Haroon ur Rasheed
The continuous wave of violent protests, riots, and arson incidents in Pakistan has unexpectedly impacted the ancient and traditional business of slingshots.
The only slingshot market in Peshawar, the capital of the province, has been forced to shut down after these popular toys-turned-weapons were misused by enraged protesters. Shopkeepers in the market now face increased anxiety due to strict police surveillance and the uncertain future of their trade.
Slingshot Market, located in the Namak Mandi area of Peshawar, has been a hub for slingshot commerce for several centuries. Naimatullah, the market’s president and a prominent businessman in the industry, explained that this market, situated in Namak Mandi Shah Qubol, is approximately 70 years old.
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The trade and craftsmanship of slingshots, he furthered, have been passed down through generations, making it a profitable business to this day. It is the sole market in the country dedicated to wholesale slingshot trading, boasting around a dozen shops. In contrast, other cities usually have just a few shops or general store owners with limited stock.
A dozen slingshots can be priced anywhere between Rs. 70 to Rs. 1200. The manufacturing process primarily requires wooden handles, leather, and rubber, with many of the slingshot frames being made by women workers who operate from their homes.
Slingshot products from this market are not only distributed within Khyber Pakhtunkhwa but are also exported to Punjab, Sindh, Balochistan, and even Afghanistan.
The Use of Slingshots in Protests
Slingshots have become a common tool for angry protesters during long marches, sit-ins, and clashes with law enforcement agencies involving tear gas and baton charges.
An anonymous shopkeeper revealed that during the violent protests on May 9 and 10, approximately sixty slingshots were sold from their market alone. Furthermore, a local political leader from Peshawar purchased three sacks of the toy for an upcoming protest sit-in in Islamabad, scheduled for May 25 and organized by a political party.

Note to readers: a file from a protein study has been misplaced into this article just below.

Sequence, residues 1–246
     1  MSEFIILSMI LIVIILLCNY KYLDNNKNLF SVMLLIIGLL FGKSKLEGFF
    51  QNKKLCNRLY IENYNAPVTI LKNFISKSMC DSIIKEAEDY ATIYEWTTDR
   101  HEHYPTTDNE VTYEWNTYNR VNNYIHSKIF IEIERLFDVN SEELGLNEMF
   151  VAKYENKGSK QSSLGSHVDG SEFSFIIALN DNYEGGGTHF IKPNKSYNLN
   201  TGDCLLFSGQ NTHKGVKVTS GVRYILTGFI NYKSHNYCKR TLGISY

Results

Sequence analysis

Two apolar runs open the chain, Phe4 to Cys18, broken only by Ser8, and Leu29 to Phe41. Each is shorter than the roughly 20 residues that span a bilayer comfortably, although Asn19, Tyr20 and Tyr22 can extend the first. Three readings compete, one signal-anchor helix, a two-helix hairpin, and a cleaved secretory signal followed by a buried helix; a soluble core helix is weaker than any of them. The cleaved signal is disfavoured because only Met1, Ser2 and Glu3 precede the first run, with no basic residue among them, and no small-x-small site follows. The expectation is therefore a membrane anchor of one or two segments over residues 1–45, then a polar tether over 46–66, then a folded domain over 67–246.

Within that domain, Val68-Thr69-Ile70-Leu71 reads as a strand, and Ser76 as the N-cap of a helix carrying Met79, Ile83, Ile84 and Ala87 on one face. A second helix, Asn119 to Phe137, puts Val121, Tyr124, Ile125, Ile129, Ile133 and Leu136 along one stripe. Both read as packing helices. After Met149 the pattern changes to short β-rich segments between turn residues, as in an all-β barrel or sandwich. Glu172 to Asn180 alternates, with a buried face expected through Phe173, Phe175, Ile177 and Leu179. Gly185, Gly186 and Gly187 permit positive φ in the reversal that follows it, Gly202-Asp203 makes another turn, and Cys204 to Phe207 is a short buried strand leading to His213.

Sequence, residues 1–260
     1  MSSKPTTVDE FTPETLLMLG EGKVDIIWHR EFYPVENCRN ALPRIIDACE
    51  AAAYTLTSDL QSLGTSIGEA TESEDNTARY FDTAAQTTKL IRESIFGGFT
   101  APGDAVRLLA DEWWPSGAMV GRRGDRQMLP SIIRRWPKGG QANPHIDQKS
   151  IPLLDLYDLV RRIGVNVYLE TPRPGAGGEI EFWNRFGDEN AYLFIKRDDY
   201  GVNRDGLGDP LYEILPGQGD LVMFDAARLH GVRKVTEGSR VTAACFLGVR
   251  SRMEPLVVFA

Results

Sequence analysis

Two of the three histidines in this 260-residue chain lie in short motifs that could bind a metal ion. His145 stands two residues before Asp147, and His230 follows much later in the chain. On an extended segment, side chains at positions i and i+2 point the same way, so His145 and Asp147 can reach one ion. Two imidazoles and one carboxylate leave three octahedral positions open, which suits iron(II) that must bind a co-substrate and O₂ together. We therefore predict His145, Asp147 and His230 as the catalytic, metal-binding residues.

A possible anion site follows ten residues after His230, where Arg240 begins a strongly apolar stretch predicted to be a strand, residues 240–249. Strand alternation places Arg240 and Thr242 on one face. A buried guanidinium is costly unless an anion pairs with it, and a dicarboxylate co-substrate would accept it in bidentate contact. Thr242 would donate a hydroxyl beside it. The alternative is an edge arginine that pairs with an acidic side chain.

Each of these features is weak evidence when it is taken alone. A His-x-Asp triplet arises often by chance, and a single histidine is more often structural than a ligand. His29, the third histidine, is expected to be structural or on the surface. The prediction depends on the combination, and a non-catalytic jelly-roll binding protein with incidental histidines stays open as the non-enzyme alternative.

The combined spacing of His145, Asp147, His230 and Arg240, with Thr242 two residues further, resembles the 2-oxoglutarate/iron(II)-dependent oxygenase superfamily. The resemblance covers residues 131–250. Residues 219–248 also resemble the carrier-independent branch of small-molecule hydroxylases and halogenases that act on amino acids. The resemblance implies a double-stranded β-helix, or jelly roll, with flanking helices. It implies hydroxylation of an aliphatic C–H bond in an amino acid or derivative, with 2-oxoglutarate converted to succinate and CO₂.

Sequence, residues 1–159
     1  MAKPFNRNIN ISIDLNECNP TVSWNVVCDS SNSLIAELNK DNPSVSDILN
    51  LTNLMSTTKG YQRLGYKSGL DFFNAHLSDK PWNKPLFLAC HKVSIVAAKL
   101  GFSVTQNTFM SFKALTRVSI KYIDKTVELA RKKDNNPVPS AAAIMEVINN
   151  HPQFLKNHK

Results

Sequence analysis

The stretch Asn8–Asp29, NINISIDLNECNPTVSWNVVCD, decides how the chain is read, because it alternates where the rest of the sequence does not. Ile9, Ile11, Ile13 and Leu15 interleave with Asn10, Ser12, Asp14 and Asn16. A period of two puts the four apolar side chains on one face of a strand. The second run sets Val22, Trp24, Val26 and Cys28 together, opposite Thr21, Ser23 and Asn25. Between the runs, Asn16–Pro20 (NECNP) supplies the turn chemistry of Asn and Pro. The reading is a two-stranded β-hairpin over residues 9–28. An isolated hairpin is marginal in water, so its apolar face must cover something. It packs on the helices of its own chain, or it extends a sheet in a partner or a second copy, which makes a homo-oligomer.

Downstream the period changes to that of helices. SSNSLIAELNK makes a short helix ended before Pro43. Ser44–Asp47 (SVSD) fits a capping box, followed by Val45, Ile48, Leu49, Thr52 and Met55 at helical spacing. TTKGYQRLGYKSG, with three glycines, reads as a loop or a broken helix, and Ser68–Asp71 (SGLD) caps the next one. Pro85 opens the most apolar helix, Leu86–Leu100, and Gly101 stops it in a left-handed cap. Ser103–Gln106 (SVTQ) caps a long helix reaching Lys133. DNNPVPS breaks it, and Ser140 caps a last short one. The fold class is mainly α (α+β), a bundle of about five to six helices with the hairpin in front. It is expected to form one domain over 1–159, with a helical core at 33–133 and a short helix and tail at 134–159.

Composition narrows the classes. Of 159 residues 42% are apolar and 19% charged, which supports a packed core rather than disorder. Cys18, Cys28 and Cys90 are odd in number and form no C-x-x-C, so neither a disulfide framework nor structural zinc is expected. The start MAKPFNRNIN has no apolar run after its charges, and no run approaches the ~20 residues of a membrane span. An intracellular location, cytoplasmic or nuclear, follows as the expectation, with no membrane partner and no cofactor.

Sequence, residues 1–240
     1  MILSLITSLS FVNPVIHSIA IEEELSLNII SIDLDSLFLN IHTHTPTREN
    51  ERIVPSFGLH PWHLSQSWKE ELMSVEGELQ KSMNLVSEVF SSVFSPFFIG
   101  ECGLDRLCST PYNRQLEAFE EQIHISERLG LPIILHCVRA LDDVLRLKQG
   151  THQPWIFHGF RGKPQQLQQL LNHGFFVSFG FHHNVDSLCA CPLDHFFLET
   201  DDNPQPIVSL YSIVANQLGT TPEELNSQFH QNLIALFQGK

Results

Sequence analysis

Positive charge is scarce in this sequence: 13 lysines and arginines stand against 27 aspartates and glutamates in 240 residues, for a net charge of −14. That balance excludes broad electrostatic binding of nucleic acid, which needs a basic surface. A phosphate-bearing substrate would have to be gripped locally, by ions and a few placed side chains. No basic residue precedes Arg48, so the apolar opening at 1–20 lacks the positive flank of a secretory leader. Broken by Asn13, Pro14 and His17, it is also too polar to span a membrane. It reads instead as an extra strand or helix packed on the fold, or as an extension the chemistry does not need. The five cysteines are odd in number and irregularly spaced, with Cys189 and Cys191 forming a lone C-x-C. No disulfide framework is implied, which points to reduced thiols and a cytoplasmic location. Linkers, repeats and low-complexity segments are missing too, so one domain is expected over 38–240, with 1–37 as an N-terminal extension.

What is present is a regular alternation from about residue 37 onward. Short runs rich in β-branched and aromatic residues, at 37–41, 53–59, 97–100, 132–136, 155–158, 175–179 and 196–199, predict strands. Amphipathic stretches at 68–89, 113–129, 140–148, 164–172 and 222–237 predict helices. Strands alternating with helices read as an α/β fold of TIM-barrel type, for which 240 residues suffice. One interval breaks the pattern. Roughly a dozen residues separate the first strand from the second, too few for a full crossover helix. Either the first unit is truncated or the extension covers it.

Following the incidents on May 9 and 10, when slingshots were used by a violent mob, the police temporarily closed down the market for two days to prevent further sales. This closure not only affected the business of the shopkeepers but also resulted in financial losses.
It is worth noting that slingshots, unlike lethal weapons, are easily accessible in the market and do not require formal legal documentation. Some individuals use crystal pebbles or stones as ammunition in these slingshots.
Are Shopkeepers Responsible?
Another shopkeeper, Saeed Khan, explained that his business primarily operates during the first five months of the year when wheat crops are ready for harvest. Farmers often use slingshots to scare away sparrows and protect their crops. Additionally, children purchase slingshots as toys for recreational shooting.
For Saeed Khan and others like him, the slingshot business is their sole means of livelihood. If their businesses are unjustly closed, their households will suffer severe financial hardships.
They emphasize that all customers who come to their market purchase slingshot as customers, and they have never encouraged anyone to misuse these toys-turned-weapons. While slingshots may not be deadly, their utilization in protests is strongly condemned. Shopkeepers should not be held responsible for the misuse of slingshots by individuals, they argued.
The Ancient Tradition of Slingshot
The use of slingshots in various forms has a long history in many countries around the world, but it has particularly thrived in India and Pakistan. The official Slingshot industry dates back to 1847 when Charles Goodyear patented the design in 1839.
By the 1860s, slingshots had become a popular weapon for children’s mischief and entertainment. The commercial production of slingshots began in 1918, marking a significant milestone in their widespread availability. In 1948, the Wham-O Company introduced the Wham-O slingshot, further popularizing the weapon.
During this time, the National Slingshot Association was established in San Marino, California, leading to the formation of several clubs and regular shooting competitions.
Slingshots are known by different names in different countries. In the UK, they are called “catapults,” while in the US, they are referred to as “peashooters,” and in South Africa, they are known as “ketties.”
In fact, slingshots have more than 75 different names worldwide, reflecting their cultural significance and diverse usage throughout history.